Best Film for the Canon AT-1
The best film to use in the Canon AT-1 is going to be based on the lens, lighting conditions, and type of film you want to shoot.
To eliminate having to haul around a tripod and/or flash, purchase a 35mm film that has an ISO of 400 or higher.
Make sure you have a fast lens if you want to shoot pictures in low light, conditions that are commonly encountered indoors. Check out my article on the 5 Best Lenses for the Canon AT-1 for recommendations.
Kodak UltraMax 400 - The film handles a plethora of lighting conditions well and is a terrific choice for a color film. Using Kodak UltraMax 400 you should be able to handhold the AT-1 in lots of circumstances.
Expect pictures to appear a bit warm with outstanding skin tones.
Fujifilm Superia X-TRA ISO 400 - Based on where you are in the world, this film might be more widely available. It’s an excellent alternative to Kodak film.
In comparison to to Kodak, Fuji tends to be a little cooler with stronger greens and blues.
Lomography 800 - If you want a color film with an ISO of 800, there are not many choices. For film stocks geared towards consumers, this is the only choice.
Lomography 800 can also be purchased in the 120 film format, to be used in a medium format camera.
Kodak Gold 200 - An outstanding means to achieve that mid-80s through 90s rendering. For the authentic experience use an on-camera flash.
Over-expose it by 1 or 2-stops to reveal the most popular look the film can achieve. This will provide you with the fantastic colors people love Gold 200 for.
Kodak Portra 400 - By far the most popular color negative film among film enthusiasts online. Overexpose the film by 1 or 2-stops to get the look the film is known for.
Kodak Portra is also available for purchase in ISO 160 and 800 emulsions. As well as in rolls of 120 film, 4x5 sheets, and 8x10 sheets.
With reasonable costs and very good favorable to use in the Canon AT-1.
The primary attraction for budget minded photographers and photography students is the affordable price. Even if you would not put yourself in those groups, it is nice to have economical rolls of film on hand for testing newly purchased camera gear.
Kentmere 400 - It’s manufactured by the parent company of Ilford, Harmon Technology. This is good because that makes this the most commonly sold B&W film of the three.
Foma Fomapan 400 Action - Can be less difficult to acquire in Europe as the film is made by Foma Bohemia out of the Czech Republic.
A very good film emulsion to employ for your first couple of attempts at film photography or home developing. Also a good selection if you are trying out a camera to check that it is operating properly.
Ultrafine eXtreme 400 - The cheapest place to buy this film is online directly from Ultrafine.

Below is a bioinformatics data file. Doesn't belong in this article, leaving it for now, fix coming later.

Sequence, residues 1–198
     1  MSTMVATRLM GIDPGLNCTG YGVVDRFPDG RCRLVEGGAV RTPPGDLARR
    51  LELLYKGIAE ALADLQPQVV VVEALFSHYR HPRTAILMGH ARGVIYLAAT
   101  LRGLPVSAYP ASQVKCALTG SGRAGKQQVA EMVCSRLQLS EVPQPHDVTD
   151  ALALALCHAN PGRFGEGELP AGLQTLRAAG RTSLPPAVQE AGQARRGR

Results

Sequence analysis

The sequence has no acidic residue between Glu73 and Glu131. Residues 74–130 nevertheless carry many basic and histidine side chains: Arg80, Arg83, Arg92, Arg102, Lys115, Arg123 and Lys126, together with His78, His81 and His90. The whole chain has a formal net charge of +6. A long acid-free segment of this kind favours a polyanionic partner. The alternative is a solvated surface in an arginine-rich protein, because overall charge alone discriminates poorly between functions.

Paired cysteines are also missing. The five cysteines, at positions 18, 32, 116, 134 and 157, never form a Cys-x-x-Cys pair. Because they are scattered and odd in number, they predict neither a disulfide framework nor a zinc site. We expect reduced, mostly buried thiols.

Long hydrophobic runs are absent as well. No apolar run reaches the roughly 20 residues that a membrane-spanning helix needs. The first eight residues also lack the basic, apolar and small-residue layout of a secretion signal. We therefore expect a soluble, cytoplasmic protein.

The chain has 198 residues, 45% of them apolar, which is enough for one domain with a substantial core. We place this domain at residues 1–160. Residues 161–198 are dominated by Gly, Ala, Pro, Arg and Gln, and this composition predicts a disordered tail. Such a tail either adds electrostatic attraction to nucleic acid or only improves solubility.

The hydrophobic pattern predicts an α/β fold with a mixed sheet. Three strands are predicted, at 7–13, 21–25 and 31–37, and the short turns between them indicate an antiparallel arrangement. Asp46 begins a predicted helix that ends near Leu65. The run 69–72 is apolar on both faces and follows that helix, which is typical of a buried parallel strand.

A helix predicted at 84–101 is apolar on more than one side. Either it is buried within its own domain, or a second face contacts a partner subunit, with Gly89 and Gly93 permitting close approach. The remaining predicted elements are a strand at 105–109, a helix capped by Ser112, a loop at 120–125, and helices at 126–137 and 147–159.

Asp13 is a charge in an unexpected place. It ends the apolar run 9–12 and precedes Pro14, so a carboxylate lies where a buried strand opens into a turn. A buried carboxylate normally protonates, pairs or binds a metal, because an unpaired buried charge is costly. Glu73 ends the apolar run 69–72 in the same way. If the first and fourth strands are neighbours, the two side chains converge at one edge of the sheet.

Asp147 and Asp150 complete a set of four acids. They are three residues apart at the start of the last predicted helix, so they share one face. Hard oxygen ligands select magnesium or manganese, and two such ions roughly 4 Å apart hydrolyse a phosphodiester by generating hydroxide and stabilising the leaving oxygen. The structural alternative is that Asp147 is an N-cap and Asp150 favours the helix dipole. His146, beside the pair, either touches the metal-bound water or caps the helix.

If you process color film yourself, you might have done that with chemicals produced by them to process your film.
The 2 most commonly used black and white 35mm film stocks are Ilford HP-5 Plus 400 and Kodak Tri-X 400. They do have many qualities that are equivalent that make them so popular, while keeping different rendering.
Both film stocks can be pushed 1 or 2 stops and while still generating good photographs. A roll of film can be used at ISO 400, 800, or 1600, making them quite flexible.
Ilford HP5 Plus 400 - Between the two film stocks, HP5 Plus is less expensive and has lower levels of contrast. Minimal contrast can be a benefit because contrast can be changed when making a print or through digital processing.
The film emulsion has subdued grain and still appears outstanding when pushed 2-stops.
Kodak Tri-X 400 - This film stock provides a more distinctive style to it. To bring out the old-school grain structure, contrast, and look of the film, it will need to be developed in Kodak D-76.
You’ll certainly notice a higher level of contrast with this film stock. That’s excellent if that is the look you would like because it involves less work when printmaking or editing digitially.
Transparency film, also known as reversal film or slide film, generates a positive image. That means a lightbox or projector can be used to show the slides.
This is unique from the more prevalent negative film stocks that result in images that require inverting the colors for the image to be viewed.
Slide films have substantially less dynamic range and latitude than negative films and so they are considered more difficult to work with.
Kodak Ektachrome 100 - This is a fine grain film known for beautiful skin tones. There is no hypersaturation of colors. The film has been balanced for daylight.
Fujifilm Velvia 50 - This is a remarkably sharp color balanced for daylight transparency film with high levels of saturation and contrast, giving photos a distinctive look. Compared to all the slide films you can get, it has the best resolving power.
There is also another version that is ISO 100.